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SPECIES Arvicanthis rufinus

Author:Temminck, 1853.
Citation:Esquisses sur la côte de Guiné(163).
Common Name:Guinean Arvicanthis
Type Locality:S Ghana, Elmina.
Distribution:Guinean and southern Sudanian deciduous forest and woodland savannas, and clearings in adjacent evergreen forest belt from Sierra Leone through Benin and Ghana to S Nigeria (Ducroz et al., 1998; Fadda and Corti, 2001; Volobouev et al., 2002a).

2n = 62, FNa = 76 (Volobouev et al., 2002a). This is the species separated from A. niloticus and identified as chromosomal type ANI-4, and the subject of studies incorporating data from chromosomes, allozymes, mtDNA cytochrome b sequences, and morphometrics (Capanna et al., 1996b; Capula et al., 1997; Civitelli et al., 1995; Corti et al., 1996b; Ducroz et al., 1998; Fadda and Corti, 2001; Garagna et al., 1999; Volobouev et al., 2002a). This species and A. blicki are the largest in body size among the species of Arvicanthis (Fadda and Corti, 2001). Phylogenetic analysis of mtDNA cytochrome b sequences by Ducroz et al. (1998) indicated that A. rufinus is most closely related to samples from the Central African Republic (2n = 58, FNa = 70), an affinity also supported by chromosomal data even though the karyotypes seem very different (Volobouev et al., 1987, 2002a), but contradicted by three-dimensional geometric morphometric analysis (Fadda and Corti, 2001). All available data, including morphometrics (Fadda and Corti, 2001) point to the Central African Republic sample as representing a distinct species, but additional and larger samples from Central Africa must be analyzed before a name can be applied to it (Volobouev et al., 2002a).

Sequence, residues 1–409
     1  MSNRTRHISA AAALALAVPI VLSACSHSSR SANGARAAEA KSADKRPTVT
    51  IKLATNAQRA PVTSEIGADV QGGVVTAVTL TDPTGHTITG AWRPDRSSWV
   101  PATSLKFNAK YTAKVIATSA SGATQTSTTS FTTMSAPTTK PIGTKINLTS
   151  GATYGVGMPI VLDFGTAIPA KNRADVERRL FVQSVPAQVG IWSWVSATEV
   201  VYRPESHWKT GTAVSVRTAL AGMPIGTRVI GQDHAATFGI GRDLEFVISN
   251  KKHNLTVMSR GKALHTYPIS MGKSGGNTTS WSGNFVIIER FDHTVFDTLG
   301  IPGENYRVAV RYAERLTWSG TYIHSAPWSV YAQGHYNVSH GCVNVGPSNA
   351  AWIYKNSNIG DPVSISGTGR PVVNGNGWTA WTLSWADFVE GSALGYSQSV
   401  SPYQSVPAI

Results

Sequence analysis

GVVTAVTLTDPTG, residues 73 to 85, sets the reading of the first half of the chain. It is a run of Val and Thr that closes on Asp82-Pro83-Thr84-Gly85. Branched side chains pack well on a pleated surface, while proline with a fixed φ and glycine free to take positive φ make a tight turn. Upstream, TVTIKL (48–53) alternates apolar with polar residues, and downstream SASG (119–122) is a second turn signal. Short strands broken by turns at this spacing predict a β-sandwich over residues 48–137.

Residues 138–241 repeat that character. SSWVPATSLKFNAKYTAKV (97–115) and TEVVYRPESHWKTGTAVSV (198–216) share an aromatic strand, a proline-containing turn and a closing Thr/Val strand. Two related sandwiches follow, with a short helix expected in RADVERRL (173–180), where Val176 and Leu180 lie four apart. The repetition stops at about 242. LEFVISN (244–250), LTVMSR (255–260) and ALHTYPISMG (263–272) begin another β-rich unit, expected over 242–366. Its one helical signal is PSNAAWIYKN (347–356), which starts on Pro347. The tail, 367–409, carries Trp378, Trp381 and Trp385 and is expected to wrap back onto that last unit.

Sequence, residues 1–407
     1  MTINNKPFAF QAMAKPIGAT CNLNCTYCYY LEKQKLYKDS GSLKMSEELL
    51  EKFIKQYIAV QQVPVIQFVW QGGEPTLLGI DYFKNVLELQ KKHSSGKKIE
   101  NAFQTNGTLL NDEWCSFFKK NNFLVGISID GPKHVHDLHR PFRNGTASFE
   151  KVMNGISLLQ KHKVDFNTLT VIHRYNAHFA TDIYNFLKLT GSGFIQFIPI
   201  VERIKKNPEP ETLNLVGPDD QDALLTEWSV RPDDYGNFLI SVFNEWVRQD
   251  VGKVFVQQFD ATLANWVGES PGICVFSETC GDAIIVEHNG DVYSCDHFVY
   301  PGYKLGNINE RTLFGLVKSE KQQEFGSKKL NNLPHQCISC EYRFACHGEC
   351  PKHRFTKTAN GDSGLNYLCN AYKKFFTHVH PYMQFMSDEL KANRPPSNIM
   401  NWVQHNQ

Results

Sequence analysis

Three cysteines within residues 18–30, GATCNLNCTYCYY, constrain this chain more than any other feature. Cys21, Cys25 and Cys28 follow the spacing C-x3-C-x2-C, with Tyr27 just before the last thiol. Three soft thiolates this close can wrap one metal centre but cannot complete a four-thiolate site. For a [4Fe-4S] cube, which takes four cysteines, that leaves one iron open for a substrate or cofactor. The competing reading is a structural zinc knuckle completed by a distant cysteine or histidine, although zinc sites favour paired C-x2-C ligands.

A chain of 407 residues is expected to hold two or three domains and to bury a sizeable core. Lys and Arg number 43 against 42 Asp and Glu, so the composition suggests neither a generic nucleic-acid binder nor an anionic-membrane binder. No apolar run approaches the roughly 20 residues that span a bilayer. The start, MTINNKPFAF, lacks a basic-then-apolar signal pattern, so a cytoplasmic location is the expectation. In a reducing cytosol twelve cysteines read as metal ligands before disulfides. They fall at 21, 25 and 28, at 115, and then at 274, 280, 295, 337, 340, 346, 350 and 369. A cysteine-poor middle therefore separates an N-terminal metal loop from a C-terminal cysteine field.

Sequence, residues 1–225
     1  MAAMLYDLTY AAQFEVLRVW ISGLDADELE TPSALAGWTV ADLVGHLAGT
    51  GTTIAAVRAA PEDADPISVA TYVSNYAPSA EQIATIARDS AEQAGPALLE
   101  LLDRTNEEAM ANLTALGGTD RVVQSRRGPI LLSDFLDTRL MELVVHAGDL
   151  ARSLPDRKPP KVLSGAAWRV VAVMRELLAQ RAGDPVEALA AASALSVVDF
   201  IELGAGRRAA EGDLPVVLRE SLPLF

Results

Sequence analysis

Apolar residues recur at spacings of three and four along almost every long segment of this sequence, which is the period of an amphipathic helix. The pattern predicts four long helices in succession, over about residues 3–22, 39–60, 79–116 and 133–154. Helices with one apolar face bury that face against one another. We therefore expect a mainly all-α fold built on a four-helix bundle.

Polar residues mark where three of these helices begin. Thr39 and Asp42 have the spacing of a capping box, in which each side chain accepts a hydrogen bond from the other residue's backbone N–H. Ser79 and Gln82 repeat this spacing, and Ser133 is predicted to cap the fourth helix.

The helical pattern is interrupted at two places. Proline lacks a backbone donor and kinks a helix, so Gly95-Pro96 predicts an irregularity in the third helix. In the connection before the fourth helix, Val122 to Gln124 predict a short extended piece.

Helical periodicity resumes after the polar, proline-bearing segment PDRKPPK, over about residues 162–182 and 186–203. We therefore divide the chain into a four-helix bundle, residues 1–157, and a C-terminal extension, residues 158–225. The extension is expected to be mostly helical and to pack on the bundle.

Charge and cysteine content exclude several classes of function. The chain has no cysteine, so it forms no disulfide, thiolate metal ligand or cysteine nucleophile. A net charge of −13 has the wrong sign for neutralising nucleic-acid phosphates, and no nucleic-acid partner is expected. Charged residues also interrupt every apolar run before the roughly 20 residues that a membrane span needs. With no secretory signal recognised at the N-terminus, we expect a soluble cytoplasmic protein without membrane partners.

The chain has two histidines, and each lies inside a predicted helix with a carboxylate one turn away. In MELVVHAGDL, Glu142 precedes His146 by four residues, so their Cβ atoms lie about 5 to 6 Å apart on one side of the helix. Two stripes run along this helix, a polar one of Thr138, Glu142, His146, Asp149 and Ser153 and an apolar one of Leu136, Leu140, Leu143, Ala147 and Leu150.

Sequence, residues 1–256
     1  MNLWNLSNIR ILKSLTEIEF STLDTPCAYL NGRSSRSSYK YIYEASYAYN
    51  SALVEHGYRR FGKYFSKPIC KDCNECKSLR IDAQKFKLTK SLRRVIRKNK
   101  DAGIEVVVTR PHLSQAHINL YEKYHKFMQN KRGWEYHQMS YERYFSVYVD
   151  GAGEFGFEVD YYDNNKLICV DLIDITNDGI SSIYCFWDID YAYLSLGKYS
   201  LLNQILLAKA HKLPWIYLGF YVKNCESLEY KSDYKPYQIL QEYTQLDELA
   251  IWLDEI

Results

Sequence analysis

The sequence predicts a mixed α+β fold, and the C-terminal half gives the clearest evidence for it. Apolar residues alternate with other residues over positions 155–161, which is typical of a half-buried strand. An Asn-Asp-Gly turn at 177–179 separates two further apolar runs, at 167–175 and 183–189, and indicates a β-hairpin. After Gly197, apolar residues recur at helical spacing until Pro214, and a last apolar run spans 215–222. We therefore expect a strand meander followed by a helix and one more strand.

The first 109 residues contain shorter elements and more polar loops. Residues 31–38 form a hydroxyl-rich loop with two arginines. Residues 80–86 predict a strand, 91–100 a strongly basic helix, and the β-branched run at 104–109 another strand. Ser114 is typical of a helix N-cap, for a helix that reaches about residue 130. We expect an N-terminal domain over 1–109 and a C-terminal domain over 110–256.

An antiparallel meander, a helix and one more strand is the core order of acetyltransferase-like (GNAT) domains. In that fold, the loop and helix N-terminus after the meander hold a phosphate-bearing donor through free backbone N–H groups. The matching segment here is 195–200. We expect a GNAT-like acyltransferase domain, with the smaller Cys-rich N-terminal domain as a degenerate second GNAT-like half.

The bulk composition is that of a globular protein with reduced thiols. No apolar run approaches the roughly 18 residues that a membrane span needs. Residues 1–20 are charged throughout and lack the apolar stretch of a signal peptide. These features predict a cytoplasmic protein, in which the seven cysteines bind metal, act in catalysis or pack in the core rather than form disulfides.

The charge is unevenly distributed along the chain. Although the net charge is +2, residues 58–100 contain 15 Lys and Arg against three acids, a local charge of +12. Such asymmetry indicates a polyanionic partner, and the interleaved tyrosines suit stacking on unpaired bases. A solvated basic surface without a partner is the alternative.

Only the holotype of mordax was included in the morphometric study by Fadda and Corti (2001) and shown to match specimens with the cytotype ANI-4; the other scientific names associated with this species are based on holotypes collected from places within the known range of ANI-4 and were not employed in any of the analyses cited above. No other species of Arvicanthis is known to be sympatric with A. rufinus so the assignment of these names seems reasonable.




    mordax Thomas, 1911
    occidentalis Wroughton, 1906
    setosus Thomas, 1905

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